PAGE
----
Back at UFC 235 in 2019, Din Thomas was preparing then reigning champion Tyron Woodley for what was his fifth title defense at the time, and his opponent was surging contender, Kamaru Usman. Usman came into the fight relatively under the radar with a 13-1 record, with his most notable wins at the time coming over Rafael dos Anjos and Demian Maia, respectfully.
It would be a one-sided affair in the UFC 235 welterweight title bout which saw Usman claim the title from Woodley, and it would begin a reign that now has many people talking about the greatness of Kamaru Usman’s championship run. As Usman has laid waste to every challenger he’s faced since becoming champion, he’s been brought into the conversation as the greatest welterweight of all-time. Now that he’s watching as a coach, fight veteran, and analyst, Din Thomas is starting to point out what makes Usman so great.
After another title defense of his welterweight title at UFC 261, Usman is not only defeating opponents, he’s dominating them, and he’s coming to a point where rematches will have to happen because he’s beaten all the top contenders already. With the conversation turning from who will be next to who, if anyone, can beat Usman, the main question is, just how good is the welterweight champion?
As he served in an analyst role at UFC 261, Thomas was up-close and personal to Usman’s second-round TKO of Jorge Masvidal, and during an appearance on On The Mic podcast, he spoke about what makes the welterweight champion so dominant and most of it comes from the fact that he continues to get better.
As someone who has coached and put together an opposing gameplan for his fighter to take on Kamaru Usman, I asked @DinThomas what makes Usman so good?
“He’s getting better and he’s proving that he’s getting better”
— Mike Pendleton (@MP2310) April 29, 2021
“It’s cliche, the cliche that MMA fighters use all the time is that ‘I’m getting better’ because they’re training. But they don’t really get better, they just get in better shape. Most fighters don’t get better, most fighters are typically the same fighter they were a year ago, two years ago, three years ago. But I think what makes Usman so difficult is that he is getting better and he’s proving that he’s getting better. Why that’s difficult to really put a finger on, is because everybody was still underestimating him.”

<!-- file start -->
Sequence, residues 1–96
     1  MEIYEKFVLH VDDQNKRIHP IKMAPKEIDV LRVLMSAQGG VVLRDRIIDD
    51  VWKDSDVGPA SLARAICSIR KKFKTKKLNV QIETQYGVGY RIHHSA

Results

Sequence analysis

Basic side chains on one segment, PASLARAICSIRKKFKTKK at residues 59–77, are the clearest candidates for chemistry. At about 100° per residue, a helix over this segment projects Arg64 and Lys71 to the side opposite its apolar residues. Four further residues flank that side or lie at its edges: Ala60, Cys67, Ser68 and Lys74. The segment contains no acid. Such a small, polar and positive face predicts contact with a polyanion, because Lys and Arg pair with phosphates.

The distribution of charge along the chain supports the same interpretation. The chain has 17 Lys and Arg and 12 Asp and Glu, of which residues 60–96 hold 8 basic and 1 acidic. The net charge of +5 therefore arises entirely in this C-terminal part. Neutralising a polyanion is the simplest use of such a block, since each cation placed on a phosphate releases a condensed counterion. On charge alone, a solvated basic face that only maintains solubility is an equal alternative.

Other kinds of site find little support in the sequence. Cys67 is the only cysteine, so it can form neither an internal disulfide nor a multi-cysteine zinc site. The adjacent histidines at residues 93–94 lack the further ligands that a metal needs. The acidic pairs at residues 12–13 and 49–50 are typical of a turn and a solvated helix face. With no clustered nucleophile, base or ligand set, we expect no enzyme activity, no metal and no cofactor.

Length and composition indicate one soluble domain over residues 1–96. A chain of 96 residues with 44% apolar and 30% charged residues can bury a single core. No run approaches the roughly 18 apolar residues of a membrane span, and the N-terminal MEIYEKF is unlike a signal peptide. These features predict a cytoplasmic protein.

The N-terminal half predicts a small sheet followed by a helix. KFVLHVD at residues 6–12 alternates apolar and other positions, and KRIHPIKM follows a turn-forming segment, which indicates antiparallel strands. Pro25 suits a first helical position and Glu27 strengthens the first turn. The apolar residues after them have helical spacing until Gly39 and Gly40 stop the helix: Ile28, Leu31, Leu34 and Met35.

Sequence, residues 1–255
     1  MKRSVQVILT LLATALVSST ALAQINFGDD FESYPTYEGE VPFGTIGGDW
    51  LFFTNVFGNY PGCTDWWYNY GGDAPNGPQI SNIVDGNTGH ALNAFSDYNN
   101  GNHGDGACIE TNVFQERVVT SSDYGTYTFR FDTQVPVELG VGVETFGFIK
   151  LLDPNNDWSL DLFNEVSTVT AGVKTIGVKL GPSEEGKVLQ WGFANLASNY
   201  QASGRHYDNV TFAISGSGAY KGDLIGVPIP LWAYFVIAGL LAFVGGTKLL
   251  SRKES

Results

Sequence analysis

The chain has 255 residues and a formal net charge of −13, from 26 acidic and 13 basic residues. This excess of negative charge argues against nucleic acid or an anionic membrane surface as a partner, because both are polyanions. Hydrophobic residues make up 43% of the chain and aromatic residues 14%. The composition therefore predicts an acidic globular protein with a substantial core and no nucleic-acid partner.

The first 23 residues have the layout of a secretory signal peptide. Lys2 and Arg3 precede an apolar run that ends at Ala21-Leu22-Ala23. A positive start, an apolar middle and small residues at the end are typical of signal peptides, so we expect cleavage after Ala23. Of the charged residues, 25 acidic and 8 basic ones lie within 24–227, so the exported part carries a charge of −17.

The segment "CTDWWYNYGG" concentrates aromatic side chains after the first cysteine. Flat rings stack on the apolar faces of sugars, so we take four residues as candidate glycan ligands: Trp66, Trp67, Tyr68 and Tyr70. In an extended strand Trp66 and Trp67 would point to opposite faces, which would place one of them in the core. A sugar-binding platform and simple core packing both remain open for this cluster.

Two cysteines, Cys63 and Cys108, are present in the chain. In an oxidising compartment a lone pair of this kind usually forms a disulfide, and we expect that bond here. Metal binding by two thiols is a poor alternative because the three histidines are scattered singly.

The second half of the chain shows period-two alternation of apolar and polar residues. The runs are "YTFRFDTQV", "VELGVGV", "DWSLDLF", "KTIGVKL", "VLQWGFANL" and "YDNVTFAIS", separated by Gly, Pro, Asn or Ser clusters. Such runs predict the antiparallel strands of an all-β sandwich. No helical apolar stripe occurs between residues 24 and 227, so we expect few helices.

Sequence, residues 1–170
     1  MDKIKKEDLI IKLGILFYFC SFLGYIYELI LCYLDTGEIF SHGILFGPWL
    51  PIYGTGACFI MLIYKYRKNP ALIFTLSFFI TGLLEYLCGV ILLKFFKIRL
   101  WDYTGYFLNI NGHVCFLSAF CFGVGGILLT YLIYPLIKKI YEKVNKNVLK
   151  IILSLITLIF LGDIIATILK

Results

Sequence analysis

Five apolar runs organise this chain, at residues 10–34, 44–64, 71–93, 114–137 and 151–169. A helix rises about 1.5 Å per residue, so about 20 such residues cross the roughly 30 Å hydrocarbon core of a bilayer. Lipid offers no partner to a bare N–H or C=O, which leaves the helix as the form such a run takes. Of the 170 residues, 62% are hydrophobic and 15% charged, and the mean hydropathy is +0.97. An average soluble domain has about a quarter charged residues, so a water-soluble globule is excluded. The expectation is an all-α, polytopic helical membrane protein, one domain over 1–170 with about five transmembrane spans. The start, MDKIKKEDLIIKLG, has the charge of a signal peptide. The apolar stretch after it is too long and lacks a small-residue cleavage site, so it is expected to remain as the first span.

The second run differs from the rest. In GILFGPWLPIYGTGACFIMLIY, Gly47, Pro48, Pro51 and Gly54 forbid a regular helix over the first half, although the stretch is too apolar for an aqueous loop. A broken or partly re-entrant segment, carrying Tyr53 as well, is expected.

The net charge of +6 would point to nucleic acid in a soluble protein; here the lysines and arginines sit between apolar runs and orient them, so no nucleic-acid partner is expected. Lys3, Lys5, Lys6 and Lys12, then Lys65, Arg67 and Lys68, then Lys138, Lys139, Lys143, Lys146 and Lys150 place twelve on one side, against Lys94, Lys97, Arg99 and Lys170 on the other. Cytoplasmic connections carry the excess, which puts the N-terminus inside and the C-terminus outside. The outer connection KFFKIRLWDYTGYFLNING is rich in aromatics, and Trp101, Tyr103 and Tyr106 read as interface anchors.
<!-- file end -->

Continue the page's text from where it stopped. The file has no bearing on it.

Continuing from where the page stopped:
When he first came into the UFC, Usman had a respected wrestling background and pedigree about him and to that point, Din Thomas said his striking skills have been overlooked ever since.
“They were underestimating his power. They were understiming his ability to strike. Even a couple years ago he [Usman] didn’t have a lot of power. He was primarly a dominant wrestler who would control guys. I don’t even think that it was he didn’t have power, he just didn’t have an emphasis on punching technique, and now he has that emphasis on punching technique and he’s putting focus on the small areas on where he can improve.
I think that’s the biggest reason why Usman is as dominant as he is. One, guys have underestimated him in certain areas and he worked on those areas and got better at it so it’s easier to take advantage of people. He’s getting better and I think that’s the most important reason why he is having the success that he’s having today because he’s getting better and most guys are still looking at him from a couple years ago and we have to be careful not to do that.”
Leading up to UFC 261, Jorge Masvidal called out Usman’s punching power and attempted to downplay the champion’s ability to strike, which was all laid to rest when Usman knocked him out in the second round. From a dominant wrestler to a dominant fighter all around, Din Thomas has recognized the changes made by Kamaru Usman to help elevate his career and championship reign.
Mike Pendleton is a current contributor to MyMMANews, BJPenn.com, and TheScrap.Co while also hosting his “On The Mic” podcast and works as an Associate Producer on Sirius XM’s Fight Nation channel.
With a special passion for interviewing and talking to some of the very best around the fight game, you can read or listen to Mike’s work across his multiple outlets.
Follow me on Twitter: @MP2310